Were you interested in animation/art from a young age? Any early influences?
Definitely! My bedroom walls were plastered with drawings of princesses with about a 99% coverage of drawings to 1% blank wall. I feel like it’s my complete goal to have the same feelings making art now that I did when I was a kid where I was doing it for the pure joy of it. I am still influenced by lots of the things I loved as a kid – I used to love the Swedish cartoon Alfie Atkins, which is just an amazing cartoon with such a sweet gentle tone. I also loved Hey Arnold and Spongebob.
Your 1.4 award-winning film, Sent Away, is both a deeply personal piece – drawing on your father’s memories of being sent away to boarding school as a young boy – and a wider comment on the psychological, societal and political ramifications of ‘boarding school syndrome’. Can you tell us a bit more about what sparked the idea, and what it was like working with your father for the project?
It was something that my Dad had talked about loads throughout my life, and this made me really invested in showing the kind of damage that these institutions can really do. They have a dramatic effect on the individual on a personal level, but affect society as a whole. I think there’s also a sense that because the people who’ve gone to these schools are from a privileged background it shouldn’t matter, and that they’re just lucky to come from privilege, but I think this is really a disguise for the huge damage these schools can do – as you say – on a societal, psychological and political level. This made it feel important to draw attention to this issue as maybe it can be easily overlooked because of this. It ended up being such a lovely thing to do with my Dad too, and I loved learning more about his childhood with details I’d never known.
As an animator, your style is deceptively simple, but you’re able to convey so much in just a couple of lines. What does the creative process look like for you and what tools do you rely on?
Thank you so much! I definitely had to learn the power of simplicity – when I first started making work, I had a pretty ‘more is more’ approach but actually there’s so much boldness when you just focus on the important details. I think in terms of my process, the concept and idea is the thing that really comes first and then I’m searching for ways that everything else can help support and clarify that.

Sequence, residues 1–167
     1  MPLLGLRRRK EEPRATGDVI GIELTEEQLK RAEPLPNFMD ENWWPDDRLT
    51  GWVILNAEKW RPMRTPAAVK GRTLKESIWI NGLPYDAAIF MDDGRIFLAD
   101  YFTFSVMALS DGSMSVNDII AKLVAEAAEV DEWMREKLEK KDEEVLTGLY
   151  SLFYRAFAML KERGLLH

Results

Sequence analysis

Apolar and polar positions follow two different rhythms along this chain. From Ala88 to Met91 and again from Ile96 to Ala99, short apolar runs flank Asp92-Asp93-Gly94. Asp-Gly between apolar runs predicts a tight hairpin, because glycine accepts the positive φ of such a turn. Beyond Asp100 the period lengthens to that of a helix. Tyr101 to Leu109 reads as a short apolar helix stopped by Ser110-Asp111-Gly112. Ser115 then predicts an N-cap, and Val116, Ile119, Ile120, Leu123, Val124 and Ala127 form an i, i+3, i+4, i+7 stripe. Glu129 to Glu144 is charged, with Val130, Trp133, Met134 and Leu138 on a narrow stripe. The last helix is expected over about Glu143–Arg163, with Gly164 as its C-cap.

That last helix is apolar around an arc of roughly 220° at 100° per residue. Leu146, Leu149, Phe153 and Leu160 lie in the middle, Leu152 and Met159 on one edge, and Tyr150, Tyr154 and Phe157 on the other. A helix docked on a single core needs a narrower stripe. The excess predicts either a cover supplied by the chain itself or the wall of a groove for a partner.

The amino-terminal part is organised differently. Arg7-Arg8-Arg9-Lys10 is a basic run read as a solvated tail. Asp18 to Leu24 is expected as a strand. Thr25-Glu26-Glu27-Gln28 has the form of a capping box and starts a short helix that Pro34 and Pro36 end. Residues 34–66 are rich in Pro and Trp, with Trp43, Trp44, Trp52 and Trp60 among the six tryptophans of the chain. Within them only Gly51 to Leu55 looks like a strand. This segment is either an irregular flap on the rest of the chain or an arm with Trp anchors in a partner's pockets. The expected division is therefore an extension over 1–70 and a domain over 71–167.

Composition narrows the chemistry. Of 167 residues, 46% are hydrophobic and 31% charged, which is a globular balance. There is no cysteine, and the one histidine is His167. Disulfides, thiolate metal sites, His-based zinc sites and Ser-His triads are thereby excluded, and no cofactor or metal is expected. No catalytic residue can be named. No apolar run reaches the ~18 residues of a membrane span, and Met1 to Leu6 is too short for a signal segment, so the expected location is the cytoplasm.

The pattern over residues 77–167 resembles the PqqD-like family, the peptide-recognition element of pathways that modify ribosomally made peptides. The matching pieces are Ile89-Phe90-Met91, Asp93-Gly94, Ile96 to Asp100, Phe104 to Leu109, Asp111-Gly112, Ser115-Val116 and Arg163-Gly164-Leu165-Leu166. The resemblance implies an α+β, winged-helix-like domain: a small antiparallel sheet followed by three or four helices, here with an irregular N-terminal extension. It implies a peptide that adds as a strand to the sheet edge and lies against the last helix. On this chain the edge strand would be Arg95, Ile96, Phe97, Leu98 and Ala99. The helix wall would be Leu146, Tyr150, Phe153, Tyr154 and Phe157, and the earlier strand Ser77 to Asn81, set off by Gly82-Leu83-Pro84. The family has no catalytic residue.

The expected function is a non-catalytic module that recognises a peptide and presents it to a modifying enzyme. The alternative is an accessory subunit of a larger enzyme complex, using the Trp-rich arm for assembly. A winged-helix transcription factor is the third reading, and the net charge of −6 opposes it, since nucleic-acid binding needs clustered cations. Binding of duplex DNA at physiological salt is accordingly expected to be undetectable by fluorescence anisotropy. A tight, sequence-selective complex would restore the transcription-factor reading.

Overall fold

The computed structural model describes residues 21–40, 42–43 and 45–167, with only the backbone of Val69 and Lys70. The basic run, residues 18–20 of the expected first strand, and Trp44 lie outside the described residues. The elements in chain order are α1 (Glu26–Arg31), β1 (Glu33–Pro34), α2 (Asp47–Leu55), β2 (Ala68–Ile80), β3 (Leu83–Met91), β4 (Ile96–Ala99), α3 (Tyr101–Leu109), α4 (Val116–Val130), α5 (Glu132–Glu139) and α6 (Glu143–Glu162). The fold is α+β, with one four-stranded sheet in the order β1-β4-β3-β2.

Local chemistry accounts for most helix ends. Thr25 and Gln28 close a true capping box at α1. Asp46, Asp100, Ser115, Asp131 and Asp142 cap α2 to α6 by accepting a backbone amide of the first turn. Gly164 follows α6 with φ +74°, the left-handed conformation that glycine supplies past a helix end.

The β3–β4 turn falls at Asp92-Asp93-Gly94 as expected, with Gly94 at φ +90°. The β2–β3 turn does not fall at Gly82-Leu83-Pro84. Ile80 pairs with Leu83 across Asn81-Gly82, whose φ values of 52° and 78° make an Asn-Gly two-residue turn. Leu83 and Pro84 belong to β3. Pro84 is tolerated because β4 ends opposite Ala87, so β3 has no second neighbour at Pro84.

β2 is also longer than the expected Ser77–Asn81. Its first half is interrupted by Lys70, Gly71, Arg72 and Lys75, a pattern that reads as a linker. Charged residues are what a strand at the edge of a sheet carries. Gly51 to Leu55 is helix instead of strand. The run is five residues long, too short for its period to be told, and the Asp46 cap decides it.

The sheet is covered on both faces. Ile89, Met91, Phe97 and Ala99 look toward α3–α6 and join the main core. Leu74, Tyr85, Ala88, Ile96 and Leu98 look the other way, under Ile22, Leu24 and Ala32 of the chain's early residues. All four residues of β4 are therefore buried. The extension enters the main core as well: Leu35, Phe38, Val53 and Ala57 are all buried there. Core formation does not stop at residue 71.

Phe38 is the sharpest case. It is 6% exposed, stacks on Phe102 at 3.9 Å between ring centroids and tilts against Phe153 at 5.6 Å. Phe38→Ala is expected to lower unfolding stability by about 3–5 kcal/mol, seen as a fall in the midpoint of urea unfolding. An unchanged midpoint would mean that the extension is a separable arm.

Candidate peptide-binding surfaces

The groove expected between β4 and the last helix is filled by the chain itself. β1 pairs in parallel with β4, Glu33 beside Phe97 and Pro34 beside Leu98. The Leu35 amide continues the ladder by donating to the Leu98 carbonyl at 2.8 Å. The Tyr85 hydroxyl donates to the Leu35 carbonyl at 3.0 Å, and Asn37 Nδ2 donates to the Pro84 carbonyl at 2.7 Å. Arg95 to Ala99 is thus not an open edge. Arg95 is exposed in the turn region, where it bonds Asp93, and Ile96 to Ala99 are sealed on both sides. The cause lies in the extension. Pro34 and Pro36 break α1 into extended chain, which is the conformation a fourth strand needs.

You work with quite a minimal palette, in which colours act as visual metaphors: in Sent Away, yellow reflects the confidence of the schoolboys, which gradually turns to grey; and in Elsewhere, red correlates with a sense of individuality and independence of spirit (at least, that’s how I saw it!). Tell us a bit about the role of colour in your work.
Completely accurate interpretation – I’m really glad that came across! I’m really inspired by things like UPA animation traditions where they leave out a lot of detail and just show important elements with bold block colours, so that has definitely fed into my colour choices. Definitely in both animations I was trying to convey quite abstract ideas, and I thought the metaphor of using bold colours was a good way of grounding those within the film’s visual language.
Music and sound design are of course key to animation, and the way the French horn is used throughout Sent Away is particularly evocative: did you work with a separate musician and sound designer?
I worked with an amazing musician and composer, Martino Gasparrini, who completely elevated the score and sound design to another level. Having the French horn running through was a choice I made quite early on to use as a metaphor for his sense of self warping and changing. We recorded my Dad playing the French horn for the score, too, which I thought was particularly poignant.
Idiosyncratic individuals/outsiders versus the conforming masses is a recurring theme in your work, from P.E. to Elsewhere and Conformity Juice. What draws you to this theme and is there an element of personal connection to it?
I only realised later, looking back, that this was a theme that continuously crops up in my work: I really am drawn to topics that are anti-establishment and about embracing individuality. I think I’ve always been a bit of a rebel, and institutions that maybe have tendencies towards penning people in frustrate me and I just want to challenge it. This has definitely fuelled a passion in me to make films about it multiple times.
What other topics, themes or causes interest you as a filmmaker?
I’m really interested in themes of masculinity which fed into this film quite a lot. I am also really interested in exploring the creative process and how you can creatively sabotage yourself through anxiety and overly comparing yourself to other peers and artists. A close friend and I planned to make a film about this, and we were well on the way to making it when the pandemic took over and put the brakes on it, but we are definitely going to go back and make it at some point soon. It’s going to be a combination of 2D animation and stop motion.
What’s next for you after winning a 1.4 Award?
I’m working in the lovely animation studio Scriberia, and enjoying being creative through these weird lockdown times. I’ve also started making reversible embroidered hats which I’m planning to sell on my website soon.
Interview by Selen Schleh
Rosa Fisher website
Directed by – Rosa Fisher
Musical score – Martino Gasparrini
Sound mix – Martino Gasparrini
Live Action – Martino Gasparrini
Voice over – Tom Fisher
Horn Playing – Tom Fisher
Colouring Assistance – Laura Carter, Jill Gibbon
The Purpose of Friendship
Script and voice over- Alain De Botton
Design, animation and sound design- Rosa Fisher
Additional colouring- Jack Faulkner